The U.S. budget deal comes with a Social Security surprise—a provision that could take a $50,000 bite of out some Americans' lifetime benefits.
The U.S. House of Representatives on Wednesday voted 266-to-167 to approve the two-year deal, reached earlier between President Barack Obama and congressional leaders. It now goes to the Senate.
Among the bill's 141 pages is a section that would end a strategy, called file and suspend, that retirees are using to get more money out of the Social Security system.
Here's what will happen if the provision becomes law and how it could affect you.
What is file and suspend?
The rules for claiming Social Security are enormously complicated, and a law passed in 2000 made them even more complicated by creating the opportunity to file and suspend.
Generally, the longer you wait to start receiving your checks, the higher your monthly benefit will be. File early and you lock in a lower benefit. Wait until 70 and you lock in your maximum benefit. The monthly check for a single person who files at age 70 can be 76 percent higher than if she had filed early at 62.
Under file and suspend, married workers can file for Social Security and immediately suspend their benefits. Their benefit checks won't start arriving in the mail, and the value of their eventual benefits will keep rising as if they hadn't filed. In the meantime, their husbands or wives can apply for a portion of the spousal benefit they are entitled to once their spouse has filed.
Why is it controversial?
Arguably, couples who file and suspend are double-dipping. They're getting the extra benefits that come from waiting until age 70 to file, while also accessing benefits early. Boston University Professor Laurence Kotlikoff estimates that file and suspend can boost lifetime Social Security benefits for many couples by $50,000.
The budget legislation calls file and suspend an "unintended loophole," and there is evidence that Congress never meant to create the strategy. The 2000 law that allowed it was the Senior Citizens' Freedom to Work Act, aimed at encouraging older Americans to work if they wanted to. The Obama administration proposed closing the loophole last year, saying it was an "aggressive" claiming strategy that mostly benefits wealthier retirees.
Kotlikoff criticized lawmakers for singling out file and suspend, which he said is one of many so-called loopholes in the "insanely complicated" Social Security system. He said many older Americans have made plans to use the strategy and added, "I don't think it's particularly fair to yank people around like this," he said.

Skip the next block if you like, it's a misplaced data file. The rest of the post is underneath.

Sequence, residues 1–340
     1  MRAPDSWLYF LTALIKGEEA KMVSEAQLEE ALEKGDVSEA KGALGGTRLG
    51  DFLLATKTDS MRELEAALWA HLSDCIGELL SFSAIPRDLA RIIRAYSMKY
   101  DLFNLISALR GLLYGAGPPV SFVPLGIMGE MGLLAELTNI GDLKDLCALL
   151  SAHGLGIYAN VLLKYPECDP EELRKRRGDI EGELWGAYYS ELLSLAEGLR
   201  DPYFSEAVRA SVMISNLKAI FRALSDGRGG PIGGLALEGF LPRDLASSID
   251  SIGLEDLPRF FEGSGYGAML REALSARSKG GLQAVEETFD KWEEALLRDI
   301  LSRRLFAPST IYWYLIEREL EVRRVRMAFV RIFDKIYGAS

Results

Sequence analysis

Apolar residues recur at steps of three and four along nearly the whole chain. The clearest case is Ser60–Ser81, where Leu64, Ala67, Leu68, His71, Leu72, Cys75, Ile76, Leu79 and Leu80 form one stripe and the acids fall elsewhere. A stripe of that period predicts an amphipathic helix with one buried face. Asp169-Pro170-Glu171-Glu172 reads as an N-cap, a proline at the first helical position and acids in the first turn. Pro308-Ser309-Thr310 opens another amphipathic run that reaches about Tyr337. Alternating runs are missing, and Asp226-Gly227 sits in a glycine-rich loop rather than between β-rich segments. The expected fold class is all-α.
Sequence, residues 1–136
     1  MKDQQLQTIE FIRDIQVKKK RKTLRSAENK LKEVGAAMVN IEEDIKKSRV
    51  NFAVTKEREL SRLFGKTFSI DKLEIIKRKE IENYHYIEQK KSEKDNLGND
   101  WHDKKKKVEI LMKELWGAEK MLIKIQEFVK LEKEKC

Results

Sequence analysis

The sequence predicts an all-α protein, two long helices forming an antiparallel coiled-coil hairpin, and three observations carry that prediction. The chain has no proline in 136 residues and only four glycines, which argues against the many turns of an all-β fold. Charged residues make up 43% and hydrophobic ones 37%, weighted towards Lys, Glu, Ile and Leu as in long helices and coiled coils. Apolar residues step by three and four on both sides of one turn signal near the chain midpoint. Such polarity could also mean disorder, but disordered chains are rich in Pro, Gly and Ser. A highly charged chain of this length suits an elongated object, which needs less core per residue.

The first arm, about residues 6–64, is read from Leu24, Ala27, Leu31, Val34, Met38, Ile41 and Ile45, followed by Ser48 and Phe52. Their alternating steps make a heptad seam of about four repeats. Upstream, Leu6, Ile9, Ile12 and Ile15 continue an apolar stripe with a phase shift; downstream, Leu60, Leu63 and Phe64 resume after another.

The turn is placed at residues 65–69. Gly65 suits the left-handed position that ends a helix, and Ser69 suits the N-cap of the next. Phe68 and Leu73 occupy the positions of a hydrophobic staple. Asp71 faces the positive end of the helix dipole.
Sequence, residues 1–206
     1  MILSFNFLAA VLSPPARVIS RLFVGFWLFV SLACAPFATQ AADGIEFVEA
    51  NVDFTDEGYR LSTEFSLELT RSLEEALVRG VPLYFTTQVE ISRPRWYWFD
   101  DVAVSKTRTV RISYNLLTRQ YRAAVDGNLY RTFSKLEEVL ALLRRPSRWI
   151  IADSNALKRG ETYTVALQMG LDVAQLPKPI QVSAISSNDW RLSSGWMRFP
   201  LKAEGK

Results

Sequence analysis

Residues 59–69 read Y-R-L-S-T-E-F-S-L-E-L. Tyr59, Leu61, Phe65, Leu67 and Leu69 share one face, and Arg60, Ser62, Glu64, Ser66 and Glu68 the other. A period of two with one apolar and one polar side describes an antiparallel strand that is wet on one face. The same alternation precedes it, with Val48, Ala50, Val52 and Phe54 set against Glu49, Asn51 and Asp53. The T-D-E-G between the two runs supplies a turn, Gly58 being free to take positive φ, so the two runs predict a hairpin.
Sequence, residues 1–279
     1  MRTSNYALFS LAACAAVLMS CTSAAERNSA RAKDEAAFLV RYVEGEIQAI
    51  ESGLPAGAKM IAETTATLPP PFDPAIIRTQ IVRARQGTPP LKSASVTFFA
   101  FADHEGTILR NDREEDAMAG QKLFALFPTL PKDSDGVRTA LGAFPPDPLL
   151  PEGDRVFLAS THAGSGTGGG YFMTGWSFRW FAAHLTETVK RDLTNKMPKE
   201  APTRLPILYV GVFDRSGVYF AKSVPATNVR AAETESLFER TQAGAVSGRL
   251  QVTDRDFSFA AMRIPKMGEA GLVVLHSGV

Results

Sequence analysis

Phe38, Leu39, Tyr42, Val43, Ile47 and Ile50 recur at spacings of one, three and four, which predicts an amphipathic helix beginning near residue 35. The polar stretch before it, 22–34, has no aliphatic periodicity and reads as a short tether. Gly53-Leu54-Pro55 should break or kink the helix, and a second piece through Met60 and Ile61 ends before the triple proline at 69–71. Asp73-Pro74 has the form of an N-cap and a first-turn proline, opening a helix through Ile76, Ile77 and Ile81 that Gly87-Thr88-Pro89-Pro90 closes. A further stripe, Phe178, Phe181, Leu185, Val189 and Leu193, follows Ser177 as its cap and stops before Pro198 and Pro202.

AARP, the big nonprofit group that advocates for older Americans, supports the change. "The claiming strategies impacted would apply entirely to future beneficiaries who have at least some time to adjust their claiming strategy," AARP said in a statement. It's also part of a broader budget deal that protects Social Security disability benefits and prevents spikes in Medicare premiums, the group said.
What does the budget deal do to file and suspend?
If passed in its present form, the bill would end file and suspend for future retirees. It would make it impossible for people to access their spousal benefits while their spouses are still waiting to access theirs. It also affects children of Social Security beneficiaries, who have their own version of file and suspend. Social Security sends a monthly check to children of beneficiaries when the children either are under 18 or are adults who were disabled when they were young. These children wouldn't get their checks until their parents start getting theirs.
When would the change go into effect?
An original version of the budget deal ended file and suspend in six months for everyone using the strategy. That would have abruptly cut off checks to thousands of retirees, or many more. Today the deal was amended so it affects only retirees who file for benefits in the future, and the change wouldn't go into effect for six months. That means older workers who want to use the strategy could still do so until early next year.
Why are strategies for claiming Social Security benefits so complicated in the first place?
Good question. Most people don't know how to take full advantage of Social Security. Boston University's Kotlikoff wrote a 336-page book on the topic, Get What's Yours: The Secrets to Maxing Out Your Social Security, which has become an unexpected bestseller. Advocates for retirees wish it were simpler.
"The notion that you ought to have a financial adviser to benefit from all the provisions in the Social Security program is offensive to us," said Web Phillips, the senior legislative representative of the National Committee to Preserve Social Security & Medicare. He said the Social Security Agency Administration should be doing more to help retirees find legal ways to maximize their benefits.
(Updates with passage of the budget bill in the House and with Laurence Kotlikoff's additional remarks on file and suspend.)